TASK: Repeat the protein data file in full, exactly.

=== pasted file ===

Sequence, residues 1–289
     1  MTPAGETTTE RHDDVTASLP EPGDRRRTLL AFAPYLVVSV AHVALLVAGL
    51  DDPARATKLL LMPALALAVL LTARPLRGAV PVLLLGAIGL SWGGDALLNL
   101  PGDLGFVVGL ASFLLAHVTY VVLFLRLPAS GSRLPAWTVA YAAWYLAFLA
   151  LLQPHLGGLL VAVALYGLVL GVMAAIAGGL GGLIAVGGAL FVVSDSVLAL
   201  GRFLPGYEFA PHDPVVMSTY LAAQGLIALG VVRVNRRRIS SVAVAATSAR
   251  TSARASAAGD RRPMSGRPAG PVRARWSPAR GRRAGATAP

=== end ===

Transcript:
Sequence, residues 1–289
     1  MTPAGETTTE RHDDVTASLP EPGDRRRTLL AFAPYLVVSV AHVALLVAGL
    51  DDPARATKLL LMPALALAVL LTARPLRGAV PVLLLGAIGL SWGGDALLNL
   101  PGDLGFVVGL ASFLLAHVTY VVLFLRLPAS GSRLPAWTVA YAAWYLAFLA
   151  LLQPHLGGLL VAVALYGLVL GVMAAIAGGL GGLIAVGGAL FVVSDSVLAL
   201  GRFLPGYEFA PHDPVVMSTY LAAQGLIALG VVRVNRRRIS SVAVAATSAR
   251  TSARASAAGD RRPMSGRPAG PVRARWSPAR GRRAGATAP